A new report calls on the government to give £10,000 to everyone under 55 years of age as part of a move towards a national universal basic income (UBI).

The Royal Society for the encouragement of the Arts, Manufactures and Commerce (RSA) said the £10,000 "Universal Basic Opportunity Fund" would "address an increasingly concerning reality of people cycling in and out of poverty, being subject to employment and financial insecurity and without adequate opportunities to reconfigure their lives as they wish."

The RSA believes the money would help UK citizens through the 2020s, "as automation replaces many jobs, climate change hits and more people face balancing employment with social care".

Payments would not be means tested and would come from a British sovereign wealth fund in two £5,000 lump sums.

The wealth fund would come from public debt, levies on untaxed corporate assets and investments in long-term infrastructure projects.

The report also says that, as the payments would take the place of most state welfare, the government could invest benefits savings into the sovereign wealth fund.

In total, the society believes the scheme would cost £14.5bn each year and £462bn over 13 years. It expects that more than half of the overall cost would be paid for by government savings.

"If not confronted, forces including automation could become hugely divisive social, economic and political forces further entrenching a dangerous societal schism between those who have security and those who have insecurity," the report warns.

"This is not merely a vision of a dystopian future. In many respects it is already in train and requires action now."

A decade of disruption

Anthony Painter, director of the RSA's Action and Research Centre, said: "The simple fact is that too many households are highly vulnerable to a shock in a decade of disruption, with storm clouds on the horizon if automation, Brexit and an ageing population are mismanaged.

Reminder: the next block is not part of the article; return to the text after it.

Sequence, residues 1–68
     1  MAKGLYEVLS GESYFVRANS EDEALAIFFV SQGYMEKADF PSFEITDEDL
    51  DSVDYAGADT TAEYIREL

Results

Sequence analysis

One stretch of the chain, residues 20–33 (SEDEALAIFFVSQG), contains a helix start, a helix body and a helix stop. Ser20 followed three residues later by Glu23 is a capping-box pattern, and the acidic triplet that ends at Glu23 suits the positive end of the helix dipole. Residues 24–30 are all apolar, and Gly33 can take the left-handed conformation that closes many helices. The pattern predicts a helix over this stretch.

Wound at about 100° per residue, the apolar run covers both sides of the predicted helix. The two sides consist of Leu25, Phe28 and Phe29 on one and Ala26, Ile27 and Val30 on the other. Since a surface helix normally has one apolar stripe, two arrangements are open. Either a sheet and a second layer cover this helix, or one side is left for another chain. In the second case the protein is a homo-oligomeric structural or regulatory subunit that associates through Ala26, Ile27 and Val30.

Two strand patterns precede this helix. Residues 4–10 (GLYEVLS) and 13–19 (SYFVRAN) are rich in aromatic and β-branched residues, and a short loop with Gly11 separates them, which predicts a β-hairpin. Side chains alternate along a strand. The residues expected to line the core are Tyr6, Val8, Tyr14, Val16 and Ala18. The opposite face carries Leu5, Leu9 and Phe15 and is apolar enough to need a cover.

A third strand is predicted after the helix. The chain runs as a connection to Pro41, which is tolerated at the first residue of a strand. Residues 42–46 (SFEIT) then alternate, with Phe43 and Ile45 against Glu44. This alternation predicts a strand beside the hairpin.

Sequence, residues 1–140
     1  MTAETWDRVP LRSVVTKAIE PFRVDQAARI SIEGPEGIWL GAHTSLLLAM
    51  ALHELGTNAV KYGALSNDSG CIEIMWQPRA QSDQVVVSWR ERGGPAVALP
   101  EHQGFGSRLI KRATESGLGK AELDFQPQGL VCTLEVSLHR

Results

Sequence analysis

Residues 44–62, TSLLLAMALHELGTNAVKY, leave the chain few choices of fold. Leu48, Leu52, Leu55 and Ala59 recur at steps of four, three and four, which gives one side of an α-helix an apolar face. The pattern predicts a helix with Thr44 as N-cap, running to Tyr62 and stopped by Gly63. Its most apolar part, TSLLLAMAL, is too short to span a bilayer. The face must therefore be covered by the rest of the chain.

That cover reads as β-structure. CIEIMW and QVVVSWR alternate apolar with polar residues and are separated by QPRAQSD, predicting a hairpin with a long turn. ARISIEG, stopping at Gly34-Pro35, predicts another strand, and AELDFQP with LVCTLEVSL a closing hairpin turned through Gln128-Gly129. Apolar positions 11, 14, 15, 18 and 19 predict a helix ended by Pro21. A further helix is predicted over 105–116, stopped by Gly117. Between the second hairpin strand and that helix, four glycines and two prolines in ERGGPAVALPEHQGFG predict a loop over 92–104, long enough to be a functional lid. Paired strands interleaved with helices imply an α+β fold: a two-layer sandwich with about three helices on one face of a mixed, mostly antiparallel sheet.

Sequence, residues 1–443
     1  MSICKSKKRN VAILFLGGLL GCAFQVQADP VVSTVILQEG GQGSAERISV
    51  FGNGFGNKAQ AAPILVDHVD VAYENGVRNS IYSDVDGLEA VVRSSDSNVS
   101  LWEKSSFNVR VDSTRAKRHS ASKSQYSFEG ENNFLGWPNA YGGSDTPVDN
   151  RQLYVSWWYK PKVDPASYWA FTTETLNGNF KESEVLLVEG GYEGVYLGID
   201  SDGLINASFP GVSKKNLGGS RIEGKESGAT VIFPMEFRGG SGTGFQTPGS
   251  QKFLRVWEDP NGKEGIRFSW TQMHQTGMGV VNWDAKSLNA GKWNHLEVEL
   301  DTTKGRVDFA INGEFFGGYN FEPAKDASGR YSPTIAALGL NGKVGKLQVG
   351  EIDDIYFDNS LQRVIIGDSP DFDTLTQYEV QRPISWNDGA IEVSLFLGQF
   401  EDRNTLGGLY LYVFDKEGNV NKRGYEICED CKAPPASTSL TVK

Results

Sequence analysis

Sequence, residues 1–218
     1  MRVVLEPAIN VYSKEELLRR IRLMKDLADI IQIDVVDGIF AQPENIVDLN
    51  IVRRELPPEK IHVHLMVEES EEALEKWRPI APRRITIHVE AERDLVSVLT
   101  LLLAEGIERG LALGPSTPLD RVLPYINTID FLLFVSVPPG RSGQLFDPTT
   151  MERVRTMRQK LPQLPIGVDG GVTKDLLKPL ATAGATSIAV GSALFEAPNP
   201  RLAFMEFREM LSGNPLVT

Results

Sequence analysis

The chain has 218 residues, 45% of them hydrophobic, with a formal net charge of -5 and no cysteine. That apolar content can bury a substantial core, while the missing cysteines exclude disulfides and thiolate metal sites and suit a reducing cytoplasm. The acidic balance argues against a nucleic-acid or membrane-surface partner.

"Without a real change in our thinking, neither tweaks to the welfare state nor getting people into work alone, when the link between hard work and fair pay has broken, will help working people meet the challenges ahead."

MP Jonathan Reynolds, Labour's shadow Treasury minister, said: "This new report from the RSA raises the right questions about the future of work and the long-term challenges we face, including making sure automation and the changing nature of work deliver a fairer, more prosperous society."

Local UBI trials are already ongoing in Scotland, in the cities of Glasgow, Edinburgh, Fife and North Ayrshire.

In Finland, a two-year nationwide pilot scheme is underway, in which 2,000 unemployed citizens are given a monthly income of €560 (£497), which continues even if they find work.

UBI critics have argued that implementing such programmes would be too expensive and a disincentive to work. Opponents also say that in replacing all other state benefits, the poorest in society may end up poorer under UBI schemes.

Universal Basic Income in Davos
Universal Basic Income (UBI) has been suggested as a solution to the unemployment expected to be caused by increasing automation REUTERS/Denis Balibouse